Should Shareholders Re-approve Performance Goals at the Upcoming Annual Meeting?

As publicly held companies prepare for their annual meetings, consideration should be given to whether or not performance goals within certain incentive compensation arrangements should be re-approved by their shareholders.  This is a worthwhile endeavor because failure to comply with Section 162(m) of the Internal Revenue Code of 1986, as amended, could result in a loss of deduction associated with certain executive officer pay.

As background, Section 162(m) generally provides that compensation paid by a public company to a covered employee is not deductible to the extent it exceeds $1,000,000 ("$1mm"); however, an exemption to the $1mm limit applies for performance-based compensation that satisfies certain conditions (the "Exemption").  One such condition is that the material terms of the performance goals must be disclosed and approved by the company's shareholders before the underlying compensation is paid.

However, if the compensation committee has the authority to change the targets under a performance goal after shareholders approved the goals (which is often the case), then ". . . the material terms of the performance goal must be disclosed to and reapproved by shareholders no later than the first shareholder meeting that occurs in the fifth year following the year in which shareholders previously approved the performance goal."  See Treas. Reg. 1.162-27(e)(4)(vi).  In other words, approximately every five years the shareholders would have to re-approve the performance goals in order for the Exemption to apply (i.e., to protect the deductibility of compensation paid to covered employees that exceeds $1mm).  

Shareholder approved performance goals are typically contained within equity incentive plans, long-term incentive plans (LTIPs), annual bonus programs/plans, and in rare instances, employment agreements.  So don't forget to at least consider the issue! 

Deductibility of Executive Compensation: Amendments Required Due to Revenue Ruling 2008-13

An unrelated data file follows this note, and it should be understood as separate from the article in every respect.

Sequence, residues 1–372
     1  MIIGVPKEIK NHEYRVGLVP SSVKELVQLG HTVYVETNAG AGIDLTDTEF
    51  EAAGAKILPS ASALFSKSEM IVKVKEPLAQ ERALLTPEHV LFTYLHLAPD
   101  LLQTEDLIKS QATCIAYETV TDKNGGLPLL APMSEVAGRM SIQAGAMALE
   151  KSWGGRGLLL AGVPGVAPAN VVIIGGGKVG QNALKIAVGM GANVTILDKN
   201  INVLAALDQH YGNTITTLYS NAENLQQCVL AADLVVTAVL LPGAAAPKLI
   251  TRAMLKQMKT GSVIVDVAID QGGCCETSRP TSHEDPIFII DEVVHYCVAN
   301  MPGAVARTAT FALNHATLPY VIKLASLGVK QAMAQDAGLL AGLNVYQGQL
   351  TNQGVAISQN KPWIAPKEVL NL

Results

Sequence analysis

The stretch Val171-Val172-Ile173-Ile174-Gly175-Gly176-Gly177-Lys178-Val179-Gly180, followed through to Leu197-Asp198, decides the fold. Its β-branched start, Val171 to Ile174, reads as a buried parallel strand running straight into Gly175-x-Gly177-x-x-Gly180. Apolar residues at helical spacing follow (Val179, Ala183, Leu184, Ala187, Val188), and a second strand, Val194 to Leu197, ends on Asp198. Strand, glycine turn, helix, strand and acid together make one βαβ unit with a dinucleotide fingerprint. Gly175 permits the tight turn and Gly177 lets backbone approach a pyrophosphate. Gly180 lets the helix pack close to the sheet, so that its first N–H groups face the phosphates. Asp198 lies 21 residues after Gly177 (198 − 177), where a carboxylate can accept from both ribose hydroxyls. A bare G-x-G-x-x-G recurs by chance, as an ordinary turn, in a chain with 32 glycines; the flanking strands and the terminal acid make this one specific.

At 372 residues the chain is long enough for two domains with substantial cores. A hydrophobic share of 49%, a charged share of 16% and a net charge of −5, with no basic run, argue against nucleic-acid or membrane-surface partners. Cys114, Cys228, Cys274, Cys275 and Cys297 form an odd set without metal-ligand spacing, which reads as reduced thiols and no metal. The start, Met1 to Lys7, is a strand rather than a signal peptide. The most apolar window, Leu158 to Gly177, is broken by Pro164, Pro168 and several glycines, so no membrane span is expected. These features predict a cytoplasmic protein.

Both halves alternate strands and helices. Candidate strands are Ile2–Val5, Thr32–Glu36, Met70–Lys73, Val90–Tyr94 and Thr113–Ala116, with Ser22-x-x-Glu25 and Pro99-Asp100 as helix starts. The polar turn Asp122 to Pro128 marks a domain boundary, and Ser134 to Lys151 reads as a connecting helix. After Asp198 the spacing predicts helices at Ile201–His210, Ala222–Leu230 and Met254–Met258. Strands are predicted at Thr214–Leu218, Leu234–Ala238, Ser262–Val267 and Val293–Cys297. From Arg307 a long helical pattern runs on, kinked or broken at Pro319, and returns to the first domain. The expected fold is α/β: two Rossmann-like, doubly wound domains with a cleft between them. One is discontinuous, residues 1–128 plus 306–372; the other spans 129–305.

Compensation committee members (and the officers of the companies to which they serve) generally put forth a lot of effort to ensure compensation paid to their covered employees are deductible under Section 162(m) of the Internal Revenue Code of 1986, as amended.  The purpose of this blog entry is to highlight that certain compensation arrangements may need to be amended prior to January 1, 2010 to comply with Revenue Ruling 2008-13 (PDF).

As background, Section 162(m) generally provides that compensation paid by a public company to a covered employee is not deductible to the extent it exceeds $1,000,000 ("$1mm"); however, an exemption to the $1mm limit applies for performance-based compensation that satisfies certain conditions (the "Exemption").

To highlight the application of the Exemption, consider a simple example: In a given year assume a public company pays one of its covered employees $1.7mm in cash to which $300,000 is covered by the Exemption. Under this example, the public company would be able to deduct $1.3mm (representing the $1mm limit plus $300,000 covered by the Exemption) and the remaining $400,000 would not be deductible. 

In 2008 the IRS released Rev. Rul. 2008-13, which provides that the Exemption is not applicable for compensation tied to performance conditions that are wholly or partially waived when a covered employee terminates employment without cause, resigns for good reason or retires.  This caught many in the tax community off guard because Rev. Rul. 2008-13 appeared to represent a fundamental shift in IRS policy (prior to Rev. Rul. 2008-13 the tax community generally believed that such waivers were appropriate due to previous IRS private letter rulings addressing the subject). 

Therefore, to ensure the deductibility of compensation paid to covered employees under the Exemption, the following arrangements (and possibly more) should be reviewed to determine whether they should be amended to comply with Rev. Rul. 2008-13: employment agreements, performance-based bonus arrangements, and restricted stock and restricted stock unit award agreements.  With some exceptions, compliance is required prior to January 1, 2010.